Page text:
North Carolina wine is often characterized as being too sweet, unrefined and just plain awful. I’m here to tell you that none of those things are true.
Twenty-seven weeks ago, I started making two-minute videos featuring classic and creative sangria recipes that blend local and domestic wines with liquor, cordials and fruit. Using the hashtag #SangriaSaturday, you can find all 27 on my Instagram account and select videos on YouTube.
Pouring the wine and smiling into the camera gave me something to do under quarantine. Sipping on tart varietals, swirling juicy and complex blends and presenting glasses rimmed with caramel or granulated sugar granted me the freedom to construct elaborate garnishes of fruit skewers, citrus peels or even glazed and yeasty doughnuts. The high and long tails of deep, dark spirits, alcoholic in nature, left me room for whimsy and straightforward tastes. What started as a fun weekend project in spring turned into a schedule of summer-themed porch pounders, fall-spiced mash-ups and now candy-laced glasses.
Halloween looks different in 2020. The irony of having to wear a mask in public spaces for the past seven months sets itself up for a bunch of memes and jokes. Rather than donning a costume and masquerading, this year you can relax and find yourself at the receiving end of a sip of wine paired with your favorite Halloween candy.
“My candy of choice is always dark chocolate,” says Diana Jones of Jones von Drehle Vineyards and Winery. As a founding member of the NC Fine Wine Society whose main purpose is to highlight the fine wine that North Carolina produces, Jones commented on the concept of pairing of candy with wine.
“Wine tasting is an experience,” Jones added. “I mean, it’s about great wine, but it’s also about a great experience.”
Pairing candy with wine isn’t as serious as the judging of fine wines of the state. It’s fun, whimsical and a welcome distraction from the state of the world.
After extensive research and a little taste testing, I have the tannic, buttery, grassy and sweet notes for this season’s holiday pairing of Halloween candy and select North Carolina wines.
Taste the rainbow with RayLen Vineyards and Winery’s Fizzzy Rosé or Fizzzy Bluzberry. Each is a liquid fruit basket bursting with mango, honeydew, strawberry and fresh blueberries. The fun and bubbly direct-press rosé like RayLen’s Fizzzy sparkling rosé pairs perfectly with the assortment of fruit flavors found in Skittles. Available in cans or bottle.
2. Reese’s Peanut Butter Cups
The silky, lush tannins of the Caravel dessert wine from RayLen Vineyards and Winery give texture to the intense blackberry and black-cherry flavors of this full-bodied and richly sweet wine. Reminiscent of a gourmet PBJ when paired with the chocolate and peanut better of Reese’s, the salty edge of the peanut butter melds expertly with the milk-chocolate couverture.
Dulcimer is a refreshing blush wine with playing with notes of fresh raspberries and strawberries from Jones von Drehle Vineyards and Winery. With its tinkling and sparkling carbonation, the slightly sweet rosé makes your favorite color of Starburst pop and dance as it melts on your tongue (or gets stuck in your teeth)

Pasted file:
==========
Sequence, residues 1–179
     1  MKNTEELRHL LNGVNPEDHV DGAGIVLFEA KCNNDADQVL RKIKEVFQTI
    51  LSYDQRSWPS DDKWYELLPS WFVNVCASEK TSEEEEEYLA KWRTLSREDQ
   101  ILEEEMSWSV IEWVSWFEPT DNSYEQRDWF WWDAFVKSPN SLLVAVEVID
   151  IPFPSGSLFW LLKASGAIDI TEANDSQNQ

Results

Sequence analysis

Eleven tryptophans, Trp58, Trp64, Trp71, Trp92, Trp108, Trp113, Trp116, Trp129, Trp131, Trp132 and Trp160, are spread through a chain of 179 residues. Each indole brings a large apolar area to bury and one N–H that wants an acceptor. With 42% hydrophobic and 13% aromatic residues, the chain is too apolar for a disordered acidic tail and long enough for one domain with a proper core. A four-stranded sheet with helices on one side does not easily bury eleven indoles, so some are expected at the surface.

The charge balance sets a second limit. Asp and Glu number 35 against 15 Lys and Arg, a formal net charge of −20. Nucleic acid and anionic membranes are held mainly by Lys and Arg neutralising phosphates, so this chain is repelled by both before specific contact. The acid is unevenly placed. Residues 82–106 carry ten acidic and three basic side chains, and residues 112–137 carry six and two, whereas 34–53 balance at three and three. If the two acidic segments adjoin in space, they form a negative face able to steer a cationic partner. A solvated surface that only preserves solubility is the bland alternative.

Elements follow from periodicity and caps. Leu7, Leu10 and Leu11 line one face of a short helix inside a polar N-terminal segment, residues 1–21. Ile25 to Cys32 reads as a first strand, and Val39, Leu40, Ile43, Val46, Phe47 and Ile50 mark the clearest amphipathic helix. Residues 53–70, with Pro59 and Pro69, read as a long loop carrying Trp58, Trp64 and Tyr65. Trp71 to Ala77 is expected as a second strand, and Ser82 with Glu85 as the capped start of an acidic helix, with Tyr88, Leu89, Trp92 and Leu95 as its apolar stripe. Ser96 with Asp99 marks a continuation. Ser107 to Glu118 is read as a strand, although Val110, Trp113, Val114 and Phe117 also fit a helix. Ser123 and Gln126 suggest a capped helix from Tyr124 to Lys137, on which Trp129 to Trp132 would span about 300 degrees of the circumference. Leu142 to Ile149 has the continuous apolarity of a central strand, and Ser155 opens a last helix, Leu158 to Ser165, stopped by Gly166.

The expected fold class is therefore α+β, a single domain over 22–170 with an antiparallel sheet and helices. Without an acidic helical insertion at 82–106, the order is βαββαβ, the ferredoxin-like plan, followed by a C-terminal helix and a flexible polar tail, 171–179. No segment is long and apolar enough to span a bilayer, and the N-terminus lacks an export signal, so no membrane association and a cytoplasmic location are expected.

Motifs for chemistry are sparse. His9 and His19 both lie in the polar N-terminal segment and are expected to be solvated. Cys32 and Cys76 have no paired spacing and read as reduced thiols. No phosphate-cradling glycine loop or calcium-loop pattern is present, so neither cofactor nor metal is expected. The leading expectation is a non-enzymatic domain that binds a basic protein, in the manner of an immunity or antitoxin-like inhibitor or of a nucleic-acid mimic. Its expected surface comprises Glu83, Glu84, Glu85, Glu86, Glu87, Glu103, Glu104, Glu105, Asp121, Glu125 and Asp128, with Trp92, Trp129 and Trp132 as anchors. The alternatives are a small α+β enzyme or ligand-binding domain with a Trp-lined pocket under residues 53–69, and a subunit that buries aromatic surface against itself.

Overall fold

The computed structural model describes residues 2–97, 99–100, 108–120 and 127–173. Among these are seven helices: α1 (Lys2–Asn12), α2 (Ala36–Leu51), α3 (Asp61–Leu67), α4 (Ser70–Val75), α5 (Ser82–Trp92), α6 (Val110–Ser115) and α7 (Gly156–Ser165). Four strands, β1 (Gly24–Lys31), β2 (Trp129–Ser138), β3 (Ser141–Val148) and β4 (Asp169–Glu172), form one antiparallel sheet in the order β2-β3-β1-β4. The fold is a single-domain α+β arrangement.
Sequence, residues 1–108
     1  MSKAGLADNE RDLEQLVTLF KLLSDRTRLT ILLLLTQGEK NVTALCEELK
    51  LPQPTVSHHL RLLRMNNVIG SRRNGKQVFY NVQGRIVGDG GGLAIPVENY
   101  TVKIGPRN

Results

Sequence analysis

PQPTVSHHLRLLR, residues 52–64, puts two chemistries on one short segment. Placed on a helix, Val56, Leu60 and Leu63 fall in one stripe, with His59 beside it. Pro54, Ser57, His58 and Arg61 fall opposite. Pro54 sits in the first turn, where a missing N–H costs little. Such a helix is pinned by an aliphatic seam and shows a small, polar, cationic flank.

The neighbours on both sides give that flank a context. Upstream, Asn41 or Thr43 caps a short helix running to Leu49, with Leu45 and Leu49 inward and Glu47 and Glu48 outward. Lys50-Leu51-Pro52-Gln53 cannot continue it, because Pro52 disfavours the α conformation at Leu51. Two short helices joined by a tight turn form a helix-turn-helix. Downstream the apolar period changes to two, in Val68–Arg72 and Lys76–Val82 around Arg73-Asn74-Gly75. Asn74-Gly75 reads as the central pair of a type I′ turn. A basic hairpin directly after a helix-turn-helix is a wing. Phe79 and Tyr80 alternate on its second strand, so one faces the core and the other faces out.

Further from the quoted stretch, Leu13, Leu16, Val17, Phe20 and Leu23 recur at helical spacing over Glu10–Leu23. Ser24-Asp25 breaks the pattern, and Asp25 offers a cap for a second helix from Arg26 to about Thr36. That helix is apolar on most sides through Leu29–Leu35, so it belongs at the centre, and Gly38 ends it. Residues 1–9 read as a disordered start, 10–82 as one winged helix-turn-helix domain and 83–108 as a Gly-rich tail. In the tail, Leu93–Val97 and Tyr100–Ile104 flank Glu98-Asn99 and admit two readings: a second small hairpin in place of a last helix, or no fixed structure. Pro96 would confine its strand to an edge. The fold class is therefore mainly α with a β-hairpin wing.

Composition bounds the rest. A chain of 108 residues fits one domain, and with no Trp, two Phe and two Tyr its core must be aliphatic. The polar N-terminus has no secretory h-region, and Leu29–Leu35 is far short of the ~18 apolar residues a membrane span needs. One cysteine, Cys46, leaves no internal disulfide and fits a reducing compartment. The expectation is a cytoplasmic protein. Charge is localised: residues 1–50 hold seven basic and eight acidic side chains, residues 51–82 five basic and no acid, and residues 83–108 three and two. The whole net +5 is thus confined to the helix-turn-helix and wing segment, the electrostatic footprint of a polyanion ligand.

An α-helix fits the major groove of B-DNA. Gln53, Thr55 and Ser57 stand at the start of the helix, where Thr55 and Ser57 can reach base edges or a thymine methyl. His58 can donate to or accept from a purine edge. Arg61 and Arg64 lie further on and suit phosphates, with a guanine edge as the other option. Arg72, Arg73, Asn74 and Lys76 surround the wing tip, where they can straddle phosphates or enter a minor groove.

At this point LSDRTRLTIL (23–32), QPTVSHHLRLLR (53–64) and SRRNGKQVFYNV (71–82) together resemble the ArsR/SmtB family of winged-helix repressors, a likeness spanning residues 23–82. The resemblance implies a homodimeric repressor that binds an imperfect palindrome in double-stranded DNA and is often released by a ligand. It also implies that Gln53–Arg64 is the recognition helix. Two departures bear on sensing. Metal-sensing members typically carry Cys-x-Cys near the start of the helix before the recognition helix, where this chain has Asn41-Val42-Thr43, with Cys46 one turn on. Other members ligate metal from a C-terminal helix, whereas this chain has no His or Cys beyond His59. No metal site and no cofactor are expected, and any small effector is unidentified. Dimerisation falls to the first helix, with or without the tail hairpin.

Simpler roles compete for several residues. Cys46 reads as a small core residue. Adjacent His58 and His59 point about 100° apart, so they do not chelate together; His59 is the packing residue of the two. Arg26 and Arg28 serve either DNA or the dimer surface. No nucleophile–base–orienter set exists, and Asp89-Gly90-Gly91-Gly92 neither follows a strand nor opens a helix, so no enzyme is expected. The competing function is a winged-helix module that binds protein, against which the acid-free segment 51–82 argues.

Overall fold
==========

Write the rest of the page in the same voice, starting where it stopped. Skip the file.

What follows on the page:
The milk chocolate and hard candy coating pair well with the velvety tannins of the Merlot Reserve of Divine Llama Vineyards. The peppery hints and flavors of plum, chocolate and vanilla notes of toasty oak followed by juicy fruit flavors offer a smooth finish to the sweet chocolate bits.
5. Dark chocolate
The deep, dark and rich Jones von Drehle 2015 Petit Verdot is a high-class bold choice to pair with dark chocolate. Hershey’s Special Dark and Dark Milky Way are alternate choices to enjoy the dried plum, black cherry and blueberry tones of this award-winning wine.
6. Candy corn
Brown sugar, vanilla and butter are the dominant flavors of one of the season’s most polarizing candy offerings. A clean sparkling wine such as Raffaldini Vineyards’ Auguri will not only help mellow the candy’s sweetness, but it may even enhance its flavors. This classic, dry sparkler has high acidity and is a refreshing palate cleanser after raiding the candy bowl all night.
7. Hershey’s chocolate
Whether in bar or Kiss form, this classic American milk chocolate is taken to the upper echelon of flavor when paired with RagApple Lassie’s Syrah. A strong black pepper taste is woven into every bite when paired with the rich and dark-cherry flavors of this varietal. The most developed palates will also notice a hint of licorice in the finish.
The mouth-puckering taste of these droplets of sour candy calls for a juicy, fruit-centric wine. The Sweet White and Sweet Blush Muscadine Rosé from Childress Vineyards present super sweet fruit-forward flavors of Muscadine grapes that make the taste buds pop.
Join the First Amendment Society, a membership that goes directly to funding TCB‘s newsroom.
We believe that reporting can save the world.
The TCB First Amendment Society recognizes the vital role of a free, unfettered press with a bundling of local experiences designed to build community, and unique engagements with our newsroom that will help you understand, and shape, local journalism’s critical role in uplifting the people in our cities.
All revenue goes directly into the newsroom as reporters’ salaries and freelance commissions.